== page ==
Art & Design

April 19, 2017

Remembering Pioneering Artist Barkley Hendricks

Documenting black beauty and excellence since the 60s

  • Written by Amuse Team

Philadelphia-born artist Barkley Hendricks was a renowned painter and photographer, best known for his ultra-realist post-modern portraits of people living in urban areas throughout the 60s and 70s, up until the present day.

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Tuff Tony, 1978 oil and acrylic on linen canvas 72 x 48 inches signed in oil, upper right ©Barkley L. Hendricks. Courtesy of the artist and Jack Shainman Gallery, New York.

Having come of age during the Civil Rights era and the Black is Beautiful movement, Hendricks worked to create life-sized super-vibrant portraits of people of colour that explored the complexities of black identity.

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Brilliantly Endowed, 1977 Oil and acrylic on linen canvas 66 x 48 inches 72 x 53 3/4 x 2 inches framed ©Barkley L. Hendricks. Courtesy of the artist and Jack Shainman Gallery, New York.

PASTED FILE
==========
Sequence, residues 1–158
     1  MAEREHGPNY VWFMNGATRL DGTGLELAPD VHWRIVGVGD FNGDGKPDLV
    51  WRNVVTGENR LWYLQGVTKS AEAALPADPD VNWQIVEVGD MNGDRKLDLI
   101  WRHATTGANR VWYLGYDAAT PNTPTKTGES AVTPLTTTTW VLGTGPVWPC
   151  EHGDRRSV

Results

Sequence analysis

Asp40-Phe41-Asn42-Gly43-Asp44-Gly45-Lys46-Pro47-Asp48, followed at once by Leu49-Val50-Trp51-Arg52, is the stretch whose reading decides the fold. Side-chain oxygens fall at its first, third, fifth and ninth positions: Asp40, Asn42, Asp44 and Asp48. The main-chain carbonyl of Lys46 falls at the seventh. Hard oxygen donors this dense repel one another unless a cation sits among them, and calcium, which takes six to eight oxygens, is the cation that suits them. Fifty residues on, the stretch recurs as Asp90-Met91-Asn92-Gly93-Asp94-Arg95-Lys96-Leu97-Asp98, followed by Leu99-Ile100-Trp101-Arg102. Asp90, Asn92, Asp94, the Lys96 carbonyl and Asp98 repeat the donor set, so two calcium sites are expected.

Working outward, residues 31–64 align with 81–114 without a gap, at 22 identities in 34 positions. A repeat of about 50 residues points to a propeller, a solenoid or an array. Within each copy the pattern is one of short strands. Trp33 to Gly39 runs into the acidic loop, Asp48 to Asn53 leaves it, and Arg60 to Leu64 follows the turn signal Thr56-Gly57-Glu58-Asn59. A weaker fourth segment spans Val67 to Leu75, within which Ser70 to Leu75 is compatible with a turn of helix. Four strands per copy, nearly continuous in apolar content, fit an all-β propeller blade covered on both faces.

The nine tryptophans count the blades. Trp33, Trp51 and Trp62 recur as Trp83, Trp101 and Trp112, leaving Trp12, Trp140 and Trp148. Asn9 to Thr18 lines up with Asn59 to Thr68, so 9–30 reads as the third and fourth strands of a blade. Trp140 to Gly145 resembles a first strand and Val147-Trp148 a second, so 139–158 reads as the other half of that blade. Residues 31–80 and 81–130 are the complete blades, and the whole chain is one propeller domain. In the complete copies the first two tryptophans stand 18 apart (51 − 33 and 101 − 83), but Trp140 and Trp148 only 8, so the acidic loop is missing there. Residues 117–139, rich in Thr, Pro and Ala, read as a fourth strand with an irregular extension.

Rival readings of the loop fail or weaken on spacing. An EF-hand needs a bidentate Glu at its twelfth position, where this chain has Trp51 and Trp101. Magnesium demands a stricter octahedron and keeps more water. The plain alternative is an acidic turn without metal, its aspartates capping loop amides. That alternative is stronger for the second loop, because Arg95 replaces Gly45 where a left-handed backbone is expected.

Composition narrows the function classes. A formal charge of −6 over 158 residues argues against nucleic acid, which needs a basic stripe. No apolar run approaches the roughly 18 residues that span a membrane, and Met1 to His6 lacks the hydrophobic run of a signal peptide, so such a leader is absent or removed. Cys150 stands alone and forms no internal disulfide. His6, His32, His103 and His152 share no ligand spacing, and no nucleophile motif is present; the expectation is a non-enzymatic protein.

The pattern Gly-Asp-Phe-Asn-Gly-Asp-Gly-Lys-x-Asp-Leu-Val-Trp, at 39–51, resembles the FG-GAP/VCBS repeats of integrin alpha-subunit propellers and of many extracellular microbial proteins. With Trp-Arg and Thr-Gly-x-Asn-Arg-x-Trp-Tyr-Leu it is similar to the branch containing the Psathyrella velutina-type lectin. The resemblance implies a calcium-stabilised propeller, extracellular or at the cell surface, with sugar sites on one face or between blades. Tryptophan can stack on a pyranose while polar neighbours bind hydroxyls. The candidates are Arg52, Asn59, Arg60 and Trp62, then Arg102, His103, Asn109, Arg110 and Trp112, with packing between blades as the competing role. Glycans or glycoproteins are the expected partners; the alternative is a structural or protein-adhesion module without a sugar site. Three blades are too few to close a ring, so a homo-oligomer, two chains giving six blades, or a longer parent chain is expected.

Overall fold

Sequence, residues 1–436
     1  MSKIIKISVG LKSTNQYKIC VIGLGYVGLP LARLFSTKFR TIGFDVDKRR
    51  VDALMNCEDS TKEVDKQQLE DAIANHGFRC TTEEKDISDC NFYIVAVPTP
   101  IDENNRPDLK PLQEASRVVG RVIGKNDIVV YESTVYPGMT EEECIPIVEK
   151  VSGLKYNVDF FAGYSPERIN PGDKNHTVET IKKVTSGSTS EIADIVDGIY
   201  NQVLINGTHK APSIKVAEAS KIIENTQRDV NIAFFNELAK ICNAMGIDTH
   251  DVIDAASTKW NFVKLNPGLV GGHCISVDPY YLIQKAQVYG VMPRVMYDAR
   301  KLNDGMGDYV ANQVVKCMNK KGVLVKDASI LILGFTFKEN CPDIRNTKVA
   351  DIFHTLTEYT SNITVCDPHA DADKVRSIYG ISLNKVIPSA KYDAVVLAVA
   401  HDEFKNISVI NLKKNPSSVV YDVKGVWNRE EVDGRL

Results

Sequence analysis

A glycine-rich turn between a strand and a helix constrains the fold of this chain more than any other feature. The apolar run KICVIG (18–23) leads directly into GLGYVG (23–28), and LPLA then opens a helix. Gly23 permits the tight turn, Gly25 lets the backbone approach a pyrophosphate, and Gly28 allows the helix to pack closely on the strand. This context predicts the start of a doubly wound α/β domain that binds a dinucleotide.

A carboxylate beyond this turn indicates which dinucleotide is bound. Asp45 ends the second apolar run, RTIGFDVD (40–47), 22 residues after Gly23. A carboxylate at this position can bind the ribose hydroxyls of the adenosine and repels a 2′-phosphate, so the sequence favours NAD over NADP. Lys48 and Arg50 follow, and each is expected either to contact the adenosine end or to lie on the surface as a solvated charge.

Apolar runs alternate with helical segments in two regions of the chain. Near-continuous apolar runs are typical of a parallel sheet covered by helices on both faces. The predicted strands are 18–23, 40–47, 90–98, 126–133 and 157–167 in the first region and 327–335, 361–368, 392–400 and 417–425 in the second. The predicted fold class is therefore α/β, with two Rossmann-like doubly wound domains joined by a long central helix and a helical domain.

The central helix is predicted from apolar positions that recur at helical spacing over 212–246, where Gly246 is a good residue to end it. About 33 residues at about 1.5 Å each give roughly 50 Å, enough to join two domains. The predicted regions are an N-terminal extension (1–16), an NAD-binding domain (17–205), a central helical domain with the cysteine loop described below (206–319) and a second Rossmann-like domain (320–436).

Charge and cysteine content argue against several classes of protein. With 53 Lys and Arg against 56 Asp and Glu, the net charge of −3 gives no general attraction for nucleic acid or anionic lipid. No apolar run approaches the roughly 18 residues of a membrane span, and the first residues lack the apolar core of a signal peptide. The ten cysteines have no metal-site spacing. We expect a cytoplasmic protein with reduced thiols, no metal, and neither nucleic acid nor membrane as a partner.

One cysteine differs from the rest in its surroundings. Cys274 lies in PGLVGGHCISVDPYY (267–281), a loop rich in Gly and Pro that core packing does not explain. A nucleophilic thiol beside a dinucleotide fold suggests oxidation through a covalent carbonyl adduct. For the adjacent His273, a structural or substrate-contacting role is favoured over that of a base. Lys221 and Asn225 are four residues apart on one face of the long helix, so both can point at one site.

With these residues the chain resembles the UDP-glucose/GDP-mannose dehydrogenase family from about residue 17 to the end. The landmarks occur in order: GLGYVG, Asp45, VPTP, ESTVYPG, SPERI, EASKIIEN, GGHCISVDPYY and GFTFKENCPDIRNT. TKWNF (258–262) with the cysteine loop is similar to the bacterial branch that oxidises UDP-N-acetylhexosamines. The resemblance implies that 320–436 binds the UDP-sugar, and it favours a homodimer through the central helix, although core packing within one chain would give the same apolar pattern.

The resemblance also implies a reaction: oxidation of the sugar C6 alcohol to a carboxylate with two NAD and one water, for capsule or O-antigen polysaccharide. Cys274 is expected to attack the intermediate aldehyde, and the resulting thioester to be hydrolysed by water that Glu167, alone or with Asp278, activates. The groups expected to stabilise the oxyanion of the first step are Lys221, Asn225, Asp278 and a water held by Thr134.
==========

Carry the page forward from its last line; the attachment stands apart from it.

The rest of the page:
From jazz musicians to athletes, his travelling retrospective Barkley L. Hendricks: Birth of the Cool saw the artist document portraits of African-American men that are “Decidedly inconclusive” said Huey Copeland in his take on Hendricks in a cover story for Artforum’s April 2009 issue, where he stated that the “artist’s pictures . . . not only valorised blackness but gave rise to emphatic displays of a new, self-conscious ‘to-be-looked-at-ness.’”

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Sweet Thang (Lynn Jenkins), 1975-1976oil on linen 52 x 52 inches signed upper right corner ©Barkley L. Hendricks. Courtesy of the artist and Jack Shainman Gallery, New York

Barkley’s work will be included in Soul of a Nation: Art in the Age of Black Power, at the Tate Modern from July 12 to October 22

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